"He's a throwback to the old Oilers, when a Glenn Anderson or Mark Messier or Esa Tikkanen would drive hard to the net with speed every time they were on the ice," Oilers coach Craig MacTavish said. "With Smytty, you know you're going to get a competitive shift ... every time. In a tight, competitive game, I could give him up to 25 minutes of ice time and he'd come to me and say, 'Give me 30.'

"Ryan is at a point in his career where he no longer has to get a goal or a point to help his team win. Just being on the ice, he can be a leader, a presence."

Wild hair, wet from the hard work he put in. He had those red badges of courage -- a cut above his lip and an ice pack.

"When I look into a mirror," he laughed, "I see a guy who just loves to pay the price it takes to win. I'm not out to win a modeling job."

Ryan Smyth is the kind of player every team wants -- a warrior, who plays to win no matter who he is playing against or whether it is the first week of the season, or the last.

Coach Joel Quenneville is said to be leaning toward an all-veteran line of Sakic-Andrew Brunette-Smyth with a second line of Stastny-Wolski-Hejduk, followed by a mix of skill and talent with a player like Marek Svatos looking to return to his rookie season form of 32 goals in just 68 games in 2005-06, along with the likes of Tyler Arnason and Ian Laperriere and Brad Richardson. The team also signed 30-year-old forward Jaroslav Hlinka, whom Hejduk described as the best player in the Czech Elite League the last two seasons. On defense, Hannan will be used as a shutdown blueliner as he had been in San Jose for the seven seasons. He quickly improves a quickly-rising group on defense that includes the offensive-minded John-Michael Liles, injured veteran Jordan Leopold (just 15 games last season), along with gritty Brett Clark and Karlis Skrastins.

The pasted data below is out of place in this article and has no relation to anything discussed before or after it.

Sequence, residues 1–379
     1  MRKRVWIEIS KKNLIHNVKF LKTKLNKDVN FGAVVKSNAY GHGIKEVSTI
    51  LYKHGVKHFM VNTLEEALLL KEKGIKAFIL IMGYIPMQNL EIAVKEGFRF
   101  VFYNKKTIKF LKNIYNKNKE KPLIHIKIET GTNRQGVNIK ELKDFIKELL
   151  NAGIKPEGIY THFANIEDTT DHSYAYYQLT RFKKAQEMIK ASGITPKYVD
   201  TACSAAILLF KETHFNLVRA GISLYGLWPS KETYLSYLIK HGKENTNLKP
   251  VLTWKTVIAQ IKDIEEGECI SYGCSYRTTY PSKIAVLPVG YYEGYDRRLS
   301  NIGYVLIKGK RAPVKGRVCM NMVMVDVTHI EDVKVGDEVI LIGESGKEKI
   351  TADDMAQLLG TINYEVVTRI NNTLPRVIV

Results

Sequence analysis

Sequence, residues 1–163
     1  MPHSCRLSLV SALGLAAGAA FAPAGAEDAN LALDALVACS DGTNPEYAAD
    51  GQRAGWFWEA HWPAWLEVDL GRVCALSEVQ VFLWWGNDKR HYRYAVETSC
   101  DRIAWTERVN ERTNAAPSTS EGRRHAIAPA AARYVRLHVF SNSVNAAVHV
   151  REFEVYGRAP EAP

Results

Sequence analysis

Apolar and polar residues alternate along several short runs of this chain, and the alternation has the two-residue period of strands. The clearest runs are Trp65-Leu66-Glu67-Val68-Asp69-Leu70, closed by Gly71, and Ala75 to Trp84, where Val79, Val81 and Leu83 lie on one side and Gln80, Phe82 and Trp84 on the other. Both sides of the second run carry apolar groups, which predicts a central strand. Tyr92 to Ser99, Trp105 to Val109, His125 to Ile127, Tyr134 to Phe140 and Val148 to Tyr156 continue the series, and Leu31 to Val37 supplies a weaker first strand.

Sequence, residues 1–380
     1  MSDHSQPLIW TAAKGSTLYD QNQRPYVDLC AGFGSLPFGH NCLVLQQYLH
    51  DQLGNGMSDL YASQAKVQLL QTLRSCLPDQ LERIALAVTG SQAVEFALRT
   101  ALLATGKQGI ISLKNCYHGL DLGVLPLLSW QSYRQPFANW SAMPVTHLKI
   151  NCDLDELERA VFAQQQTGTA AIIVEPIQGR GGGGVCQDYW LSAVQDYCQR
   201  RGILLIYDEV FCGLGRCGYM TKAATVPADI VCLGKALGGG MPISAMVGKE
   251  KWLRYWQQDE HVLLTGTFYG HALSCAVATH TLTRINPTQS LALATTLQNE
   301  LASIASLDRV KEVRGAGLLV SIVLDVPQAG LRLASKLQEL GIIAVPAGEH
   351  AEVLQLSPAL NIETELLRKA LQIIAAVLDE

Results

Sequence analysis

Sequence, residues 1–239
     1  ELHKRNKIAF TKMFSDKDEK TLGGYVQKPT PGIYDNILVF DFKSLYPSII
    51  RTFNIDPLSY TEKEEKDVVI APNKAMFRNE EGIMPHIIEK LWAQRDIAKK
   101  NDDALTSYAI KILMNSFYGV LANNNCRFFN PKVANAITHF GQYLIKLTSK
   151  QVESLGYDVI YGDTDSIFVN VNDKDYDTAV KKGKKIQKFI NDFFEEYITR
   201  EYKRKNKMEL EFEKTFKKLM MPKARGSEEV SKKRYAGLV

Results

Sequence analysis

The bottom line here is finding out if Budaj is anything close to a good Patrick Roy replacement. Or can Jose Theodore get back into the picture in goal.

"They’ve got great tradition here ... two Stanley Cups," said Smyth. "I wanted to be a part of their next one."

"Colorado really took it to the next level," Hannan said of spending big bucks for himself and Smyth. "I've battled against this team over the years -- and I'm looking forward to playing with them now. The team's dedication to winning is big."

Mile High big?

Ryan Smyth and Scott Hannan definitely make for good foundation pieces as the Avs look to go “Back to the Future” as Stanley Cup contenders.

NHL.com's 2007-08 Avalanche Season Preview Package:
Intro | Goalies | Defense | Forwards | Feature | Numbers | Sked | Roster